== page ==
ARTS / Show People: The rise and rise of big voice: 46. Jane Horrocks

AN EVERYDAY scene in Islington: playwright Jim Cartwright has come round for a cup of tea with actress Jane Horrocks (who has been in the stage and TV productions of his first success Road). They're sitting in the back garden and she's talking about the showbiz voices that she's imitated since childhood. 'Go on then', he says, 'do some for me.' So she does her Shirley Bassey and her Marlene Dietrich. He finishes his tea and says he's going off to write a play: she doesn't think any more about it.

This week the result, The Rise and Fall of Little Voice, transfers to the Aldwych after a sell-out run at the National. It stars Jane Horrocks as a timid Northern girl, shying away from her loud-mouth mother (Alison Steadman), and only coming to life through her ability to take off singers like Bassey, Marilyn Monroe, Edith Piaf and Judy Garland. In a play that celebrates stars and hits, the play's star scores her own. Her strong mix of vulnerability and guts makes Horrocks, at 28, one of the luckiest actresses of her generation. She not only gets plum parts: with both Little Voice and Bad Girl, the BBC play about a single mother whose child is taken into custody, she has got plum parts written expressly for her.

But could Horrocks have mimicked anyone that Cartwright chose for Little Voice? 'It either comes or it doesn't,' she says, when we meet for lunch. 'If you said 'Can you impersonate Alison Steadman?', well, I couldn't. It would have to be a particular voice. A distinctive intonation. I don't analyse it at all. I can either do a person or I can't'

She took to showbiz as a way of impressing her two brothers. 'Particularly my older one. He used to bring his friends home. They were like gods to me. I just wanted them to be attracted to me.' Home is in Rawthenstall, near Burnley: her Dad is a sales rep; her mother is a hospital ward-aid - and a Shirley Bassey fan. They'd watch Bassey on her TV show finish 'If You Go Away', go off and cry, then return to soak up the applause. 'I believed it completely.' After jobs at a bedding factory and as a chamber-maid (they fired her for only working the agreed hours) Horrocks went to drama school. 'It's really ridiculous. You audition for Rada and get in, then you have to audition for Lancashire County Council (for a grant).'

At Rada she played 'endless old women', then left 'and played a lot of 17- year-olds'. In her final year she won the bronze medal (Imogen Stubbs won the silver, Iain Glen the gold). Since then she's worked hard at keeping her face unfamiliar: she had a mop of ginger hair, granny specs and a croaking snarl as the teenage bulimic in Mike Leigh's Life is Sweet; blonde frizz, lots of lipstick and tears rolling down her party-going cheeks in Road; greasy hair swept back and a harried, puckered expression in Bad Girl.

After six feature films the sparky blue eyes, the clear, long jaw line, wide lips and slight bob at the end of her nose, ought to make her stand out. But they don't. 'I get recognised very little,' she says. Across a restaurant table, it's hard to see the characters she's played. Her face is elfin, cheerful, immediate. 'You can paint any picture on it,' she says. 'I hope it's not bland. But no definite features leap out. I haven't got a big nose. Well, slightly big.' She laughs.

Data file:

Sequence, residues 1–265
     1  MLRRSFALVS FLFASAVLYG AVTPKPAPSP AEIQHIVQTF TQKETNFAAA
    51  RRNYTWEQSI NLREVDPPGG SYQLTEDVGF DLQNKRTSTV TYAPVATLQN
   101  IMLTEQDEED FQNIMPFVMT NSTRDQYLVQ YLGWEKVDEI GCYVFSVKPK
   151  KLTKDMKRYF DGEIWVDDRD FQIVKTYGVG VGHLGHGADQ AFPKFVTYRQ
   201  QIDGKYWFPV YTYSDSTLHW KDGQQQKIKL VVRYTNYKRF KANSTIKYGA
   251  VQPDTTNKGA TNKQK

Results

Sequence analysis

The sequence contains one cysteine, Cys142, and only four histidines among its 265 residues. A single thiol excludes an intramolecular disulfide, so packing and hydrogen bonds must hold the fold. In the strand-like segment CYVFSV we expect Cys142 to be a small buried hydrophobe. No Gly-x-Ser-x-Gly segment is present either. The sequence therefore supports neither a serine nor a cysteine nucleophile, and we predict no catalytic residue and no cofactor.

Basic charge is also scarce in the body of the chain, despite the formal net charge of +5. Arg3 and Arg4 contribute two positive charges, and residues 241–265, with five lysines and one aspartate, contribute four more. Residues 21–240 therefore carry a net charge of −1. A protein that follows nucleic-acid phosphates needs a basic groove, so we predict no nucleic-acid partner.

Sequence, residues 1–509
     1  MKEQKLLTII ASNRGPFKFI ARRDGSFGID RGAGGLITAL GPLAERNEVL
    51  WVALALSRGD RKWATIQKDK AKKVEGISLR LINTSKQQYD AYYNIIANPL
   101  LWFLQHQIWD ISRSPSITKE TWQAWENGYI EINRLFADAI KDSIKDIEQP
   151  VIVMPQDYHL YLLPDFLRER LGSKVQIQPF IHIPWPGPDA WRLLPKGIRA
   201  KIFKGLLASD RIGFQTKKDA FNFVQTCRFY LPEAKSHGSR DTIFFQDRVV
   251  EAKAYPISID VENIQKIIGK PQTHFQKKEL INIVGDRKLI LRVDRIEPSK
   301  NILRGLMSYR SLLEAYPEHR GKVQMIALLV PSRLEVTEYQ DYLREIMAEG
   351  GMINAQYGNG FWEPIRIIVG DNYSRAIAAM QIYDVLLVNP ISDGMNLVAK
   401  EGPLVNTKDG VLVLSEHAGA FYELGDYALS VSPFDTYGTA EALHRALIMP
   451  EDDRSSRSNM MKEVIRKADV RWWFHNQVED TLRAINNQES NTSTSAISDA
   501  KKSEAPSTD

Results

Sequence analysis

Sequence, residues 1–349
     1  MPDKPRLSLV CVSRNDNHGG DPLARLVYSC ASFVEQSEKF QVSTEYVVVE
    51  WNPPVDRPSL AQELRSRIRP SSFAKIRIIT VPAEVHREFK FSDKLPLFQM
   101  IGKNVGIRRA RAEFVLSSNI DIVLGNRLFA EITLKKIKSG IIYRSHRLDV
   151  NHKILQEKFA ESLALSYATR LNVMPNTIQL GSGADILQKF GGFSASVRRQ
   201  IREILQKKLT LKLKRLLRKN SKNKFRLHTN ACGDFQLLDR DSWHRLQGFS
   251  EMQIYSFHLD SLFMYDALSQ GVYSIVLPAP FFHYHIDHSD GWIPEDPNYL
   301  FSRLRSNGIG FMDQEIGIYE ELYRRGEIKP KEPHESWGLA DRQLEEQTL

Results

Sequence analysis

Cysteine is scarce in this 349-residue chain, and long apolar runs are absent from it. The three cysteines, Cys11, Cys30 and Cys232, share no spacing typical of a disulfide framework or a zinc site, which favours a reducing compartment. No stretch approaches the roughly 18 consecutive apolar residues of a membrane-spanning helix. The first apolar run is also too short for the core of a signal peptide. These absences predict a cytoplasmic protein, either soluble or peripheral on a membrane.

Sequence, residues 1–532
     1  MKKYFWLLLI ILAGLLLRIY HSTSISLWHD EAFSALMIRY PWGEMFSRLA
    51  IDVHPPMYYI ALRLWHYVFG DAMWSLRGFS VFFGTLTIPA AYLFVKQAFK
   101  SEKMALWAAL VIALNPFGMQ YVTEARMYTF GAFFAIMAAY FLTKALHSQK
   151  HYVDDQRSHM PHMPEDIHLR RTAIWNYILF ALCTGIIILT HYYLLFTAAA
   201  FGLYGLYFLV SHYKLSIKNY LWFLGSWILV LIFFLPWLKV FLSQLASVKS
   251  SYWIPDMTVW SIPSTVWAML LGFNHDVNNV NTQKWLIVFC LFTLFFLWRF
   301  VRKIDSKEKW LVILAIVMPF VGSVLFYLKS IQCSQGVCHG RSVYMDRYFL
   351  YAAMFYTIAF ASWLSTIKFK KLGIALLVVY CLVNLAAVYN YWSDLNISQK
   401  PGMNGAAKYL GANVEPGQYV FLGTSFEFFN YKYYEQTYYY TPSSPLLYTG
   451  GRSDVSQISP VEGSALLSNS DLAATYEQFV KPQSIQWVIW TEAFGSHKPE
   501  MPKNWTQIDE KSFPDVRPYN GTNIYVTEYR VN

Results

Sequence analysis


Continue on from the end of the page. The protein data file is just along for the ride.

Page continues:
What does leap out is her voice. BBC drama producer David Thompson, who hired her for Bad Girl, told me: 'It's not the voice you expect to come out of the face.' She arrives late, wearing a beret squashed low over her eyes, clogs, and black tunic. Here we go, I thought: another ditsy actress. Then out comes this raucous Lancastrian accent, laced with laughter, and these unfettered opinions.

Bad things get dismissed as 'ridiculous', 'horrendous', 'a complete waste of time'. Something really good is 'all right'. When I inform her that David Thompson is thinking of several more projects for her, including a series about a female Walter Mitty, she laughs and says, 'He's all right, is David.'

Shakespeare doesn't fare so well. 'I'm not really interested in classical stuff.' Not Ophelia? 'No.' Why not? 'Not the star of the show, is she?' Horrocks doesn't like doing old plays anyway (though she plays the Joan Plowright role in a BBC production of Wesker's Roots, to be shown in November). 'I don't like the idea of playing a part somebody else has played. I don't want to be compared. I hate to be pigeon-holed. When I started out they said 'Oh, she's like Julie Walters', or 'She's like Gracie Fields'.'

The tag she happily accepts is that of character actress. 'If you wear glasses you keep 'em on, that's what people do. You see people wanting to be glamour girls' - she mimes taking glasses on and off - 'Keep the bloody things on] That's real. Have you ever seen Basic Instinct? The girl - it's ridiculous - on and off, on and off.' (More laughter.) Horrocks has a sex scene in Life is Sweet. She's tied to a bed and her boyfriend is licking chocolate spread off her body. The only thing she has on are her round-rimmed specs.

The star of Little Voice has a small figure and a big voice. And she's all right.

'Little Voice': Cottesloe till Wed (20 restricted-view seats on sale each morning); Aldwych (071-836 6404) from 14 Oct.

(Photograph omitted)